Southwest faulted in fatal accident

'05 flight from BWI killed boy in Chicago

October 03, 2007|By Meredith Cohn and Liz F. Kay | Meredith Cohn and Liz F. Kay,Sun reporters

Southwest Airlines pilots were unfamiliar with a new braking procedure and unaware of landing rules in sloppy conditions, leading to a 2005 accident in which a flight from Baltimore skidded off a snowy Chicago runway and killed a child, the National Transportation Safety Board concluded yesterday.

The jet crashed through two fences at Midway Airport and hit several vehicles, crushing a 6-year-old boy in a car, injuring 10 others on the ground and causing minor injuries to about 20 people aboard the jet - the worst accident in Southwest's 36-year history.

Southwest, the dominant carrier at Baltimore-Washington International Thurgood Marshall Airport, began retraining its pilots immediately after the fatal accident, airline spokeswoman Marilee McInnis said last night.

"We've been actively making changes since the incident," she said. "We've made adjustments to the training program and our flight operations manual so it is clear and concise as it can be."

The pilots' lack of experience with the Boeing 737-700's auto-braking system distracted them from engaging the engine thrust-reversers until just before the plane skidded off the runway, the NTSB concluded in determining the likely cause of the accident.

A new Southwest rule required auto-brakes in unfavorable landing conditions, investigators said.

While the probe found that much of the responsibility rested with the pilots, the NTSB said Southwest contributed by failing to provide its pilot corps with "clear and consistent guidance and training" to calculate stopping distances in poor weather.

The captain of Flight 1248 probably would have decided to divert to another airport if he and his co-pilot knew the airline required them to apply the most conservative rating from the mixed reports they had received on runway braking action at Midway, investigators said based on interviews with the crew.

When the pilots touched down, the runway had not been cleared for almost 30 minutes.

"This crew knew they were flying on the edge. The problem was, they didn't really know where the edge was," NTSB member Debbie Hersman said in response to investigators' testimony at a hearing yesterday.

McInnis said the airline has retrained all of its pilots on the use of auto-brakes, which had been installed on all Southwest planes shortly before the accident.

The airline also made it clear that pilots are to use the most conservative weather reports when evaluating whether it is safe to land. That had always been the airline's policy, but not all of the pilots were aware of it, McInnis said.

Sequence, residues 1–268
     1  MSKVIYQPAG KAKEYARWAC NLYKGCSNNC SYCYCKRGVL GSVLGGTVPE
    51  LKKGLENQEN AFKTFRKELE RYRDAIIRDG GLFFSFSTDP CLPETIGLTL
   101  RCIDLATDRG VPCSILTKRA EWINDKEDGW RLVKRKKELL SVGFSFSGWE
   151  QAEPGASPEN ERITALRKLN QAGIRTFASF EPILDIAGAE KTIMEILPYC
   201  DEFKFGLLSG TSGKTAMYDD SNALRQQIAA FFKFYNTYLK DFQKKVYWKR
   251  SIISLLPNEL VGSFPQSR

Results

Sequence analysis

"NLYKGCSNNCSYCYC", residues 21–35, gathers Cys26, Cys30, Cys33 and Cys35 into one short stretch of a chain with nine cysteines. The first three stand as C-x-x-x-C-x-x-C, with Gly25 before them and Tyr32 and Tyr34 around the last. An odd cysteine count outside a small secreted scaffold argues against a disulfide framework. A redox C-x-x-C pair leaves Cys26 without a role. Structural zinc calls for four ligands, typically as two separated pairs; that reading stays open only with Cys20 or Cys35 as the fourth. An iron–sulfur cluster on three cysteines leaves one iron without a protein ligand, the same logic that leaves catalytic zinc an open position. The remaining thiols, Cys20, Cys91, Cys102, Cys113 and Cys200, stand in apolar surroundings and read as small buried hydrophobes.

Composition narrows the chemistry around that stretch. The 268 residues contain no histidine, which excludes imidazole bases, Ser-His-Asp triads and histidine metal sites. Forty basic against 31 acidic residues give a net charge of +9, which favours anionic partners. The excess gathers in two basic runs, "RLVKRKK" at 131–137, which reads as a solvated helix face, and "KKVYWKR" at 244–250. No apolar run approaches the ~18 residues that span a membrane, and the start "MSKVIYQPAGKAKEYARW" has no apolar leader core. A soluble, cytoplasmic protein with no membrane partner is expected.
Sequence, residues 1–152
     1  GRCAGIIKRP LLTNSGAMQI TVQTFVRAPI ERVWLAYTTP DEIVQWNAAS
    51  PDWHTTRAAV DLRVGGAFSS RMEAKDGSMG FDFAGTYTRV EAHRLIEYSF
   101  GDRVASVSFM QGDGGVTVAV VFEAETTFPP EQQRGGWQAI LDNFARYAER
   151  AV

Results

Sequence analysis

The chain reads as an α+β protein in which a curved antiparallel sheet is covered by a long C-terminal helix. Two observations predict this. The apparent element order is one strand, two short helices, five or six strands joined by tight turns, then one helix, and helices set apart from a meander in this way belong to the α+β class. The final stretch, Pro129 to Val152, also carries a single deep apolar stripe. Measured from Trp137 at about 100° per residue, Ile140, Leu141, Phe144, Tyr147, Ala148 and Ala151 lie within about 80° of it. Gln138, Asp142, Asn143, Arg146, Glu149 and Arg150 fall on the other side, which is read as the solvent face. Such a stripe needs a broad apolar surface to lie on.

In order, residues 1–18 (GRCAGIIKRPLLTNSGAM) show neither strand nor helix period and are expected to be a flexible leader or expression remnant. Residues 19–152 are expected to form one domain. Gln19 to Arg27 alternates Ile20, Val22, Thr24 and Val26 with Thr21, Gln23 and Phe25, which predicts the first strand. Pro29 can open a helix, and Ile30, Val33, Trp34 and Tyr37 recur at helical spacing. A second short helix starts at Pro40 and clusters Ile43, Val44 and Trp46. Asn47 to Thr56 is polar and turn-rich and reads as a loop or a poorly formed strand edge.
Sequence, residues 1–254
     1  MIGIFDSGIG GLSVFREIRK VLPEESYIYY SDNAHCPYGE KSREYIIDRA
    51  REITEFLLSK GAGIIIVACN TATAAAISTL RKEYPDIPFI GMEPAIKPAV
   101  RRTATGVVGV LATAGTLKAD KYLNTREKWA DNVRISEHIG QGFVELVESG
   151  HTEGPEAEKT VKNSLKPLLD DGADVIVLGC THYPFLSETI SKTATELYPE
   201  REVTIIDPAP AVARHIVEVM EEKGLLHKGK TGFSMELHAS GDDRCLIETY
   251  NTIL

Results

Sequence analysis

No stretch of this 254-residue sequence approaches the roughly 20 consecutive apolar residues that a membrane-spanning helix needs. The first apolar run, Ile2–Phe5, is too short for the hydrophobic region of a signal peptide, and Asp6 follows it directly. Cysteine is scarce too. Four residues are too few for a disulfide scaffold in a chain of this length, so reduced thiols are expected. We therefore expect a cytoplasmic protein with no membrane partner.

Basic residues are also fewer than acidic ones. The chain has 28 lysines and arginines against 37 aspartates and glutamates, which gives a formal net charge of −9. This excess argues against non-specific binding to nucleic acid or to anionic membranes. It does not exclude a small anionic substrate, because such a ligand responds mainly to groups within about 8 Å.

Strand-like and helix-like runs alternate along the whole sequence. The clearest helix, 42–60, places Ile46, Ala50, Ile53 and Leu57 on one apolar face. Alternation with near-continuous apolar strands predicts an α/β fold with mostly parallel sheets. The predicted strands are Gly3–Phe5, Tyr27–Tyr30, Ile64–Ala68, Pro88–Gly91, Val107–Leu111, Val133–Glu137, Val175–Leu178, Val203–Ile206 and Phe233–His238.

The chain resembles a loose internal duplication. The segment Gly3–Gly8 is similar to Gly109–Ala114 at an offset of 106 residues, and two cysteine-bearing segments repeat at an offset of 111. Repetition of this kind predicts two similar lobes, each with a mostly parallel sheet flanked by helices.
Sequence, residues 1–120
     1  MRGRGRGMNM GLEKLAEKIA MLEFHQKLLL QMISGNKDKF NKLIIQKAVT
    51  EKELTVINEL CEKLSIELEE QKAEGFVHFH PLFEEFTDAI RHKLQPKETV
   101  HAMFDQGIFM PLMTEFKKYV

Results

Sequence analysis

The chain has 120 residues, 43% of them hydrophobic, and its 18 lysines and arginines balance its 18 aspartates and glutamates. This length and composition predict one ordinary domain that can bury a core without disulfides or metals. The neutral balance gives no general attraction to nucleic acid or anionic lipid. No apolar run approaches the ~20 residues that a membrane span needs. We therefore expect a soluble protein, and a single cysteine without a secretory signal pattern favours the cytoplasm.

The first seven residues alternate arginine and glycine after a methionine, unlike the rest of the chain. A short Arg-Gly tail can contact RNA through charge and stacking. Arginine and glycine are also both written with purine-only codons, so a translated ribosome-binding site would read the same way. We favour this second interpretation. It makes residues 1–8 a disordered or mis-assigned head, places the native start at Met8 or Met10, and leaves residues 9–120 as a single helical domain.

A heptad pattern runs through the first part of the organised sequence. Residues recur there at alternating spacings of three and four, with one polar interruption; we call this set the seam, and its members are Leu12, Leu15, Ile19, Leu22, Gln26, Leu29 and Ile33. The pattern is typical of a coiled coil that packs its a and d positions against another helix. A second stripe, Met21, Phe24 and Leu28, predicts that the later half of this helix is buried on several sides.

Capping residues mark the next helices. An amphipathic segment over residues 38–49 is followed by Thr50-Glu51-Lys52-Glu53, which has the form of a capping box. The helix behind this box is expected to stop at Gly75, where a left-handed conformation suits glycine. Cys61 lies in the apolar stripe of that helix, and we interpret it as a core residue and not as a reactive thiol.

She said the airline has gone through a full winter since pilots were retrained.

"It would be erroneous to say we're done reviewing our safety procedures, though," she said. "We'll never stop focusing on safety. We'll go through periodic reviews."

Last night, two passengers recounted the harrowing flight on Dec. 8, 2005.

The flight, carrying 98 passengers, was delayed leaving BWI because of poor weather conditions.

"The weather was just really treacherous," said Towson resident Lisa Spallitta. "We hit the ground, but it never really seemed like we slowed down."

Katie Duda of Fells Point, who was continuing on to Seattle, said that during the descent, passengers were anxious because of the storm. "Everyone was clapping when we did land," she said. But that was before the aircraft came to a stop.

When the jet finally halted, "you looked out the left side of the plane and there was a house, and out the right window there was a stoplight," Spallitta said.

Both Spallitta and Duda continue to fly Southwest, though Spallitta says she avoids Midway.

In the NTSB review, investigators found that pilots who landed before Flight 1248 rated the runway condition as "good" to "fair" on the front end and "poor" on the second half. One Southwest flight crew flying to Midway decided to divert to another airport nine minutes before the accident, when the snowstorm intensified.

"The reports on stopping distance were mixed, but all included the term `poor,'" said Katherine Lemos, a human performance expert with the NTSB.

Chicago aviation officials reported to the Federal Aviation Administration that the runway condition was good, based on friction tests that correlate with aircraft braking power. The FAA passed along that assessment to Flight 1248, along with the ratings from other pilots who had landed.

As Flight 1248 approached Midway, the onboard computer calculated a stopping margin of 560 feet left on the runway after the plane would stop, based on a "fair" rating of the runway. If a "poor" rating were used, the calculated margin would be only 40 feet, investigators said.

Three other Southwest planes - their crews apparently also uninformed about Southwest's rules on runway conditions - landed at Midway during the storm before the accident, Lemos said, leaving investigators astonished.

"It is challenging landing at Midway in normal conditions," said Robert Benzon, the NTSB's chief investigator in the case.

NTSB member Kitty Higgins characterized the pilots as "incredibly conscientious."

But another member, former airline pilot Steven Chealander, said: "The crew made a bad decision to land that day. When you are sitting in the [captain's] seat, it is your ultimate responsibility to make the correct decision."

The Chicago Tribune and the Associated Press contributed to this article.

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